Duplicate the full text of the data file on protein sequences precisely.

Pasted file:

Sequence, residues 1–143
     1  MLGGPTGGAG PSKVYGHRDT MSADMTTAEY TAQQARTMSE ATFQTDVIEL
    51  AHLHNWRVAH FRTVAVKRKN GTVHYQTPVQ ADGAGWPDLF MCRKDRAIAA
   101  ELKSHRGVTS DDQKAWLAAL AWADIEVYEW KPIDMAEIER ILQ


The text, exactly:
Sequence, residues 1–143
     1  MLGGPTGGAG PSKVYGHRDT MSADMTTAEY TAQQARTMSE ATFQTDVIEL
    51  AHLHNWRVAH FRTVAVKRKN GTVHYQTPVQ ADGAGWPDLF MCRKDRAIAA
   101  ELKSHRGVTS DDQKAWLAAL AWADIEVYEW KPIDMAEIER ILQ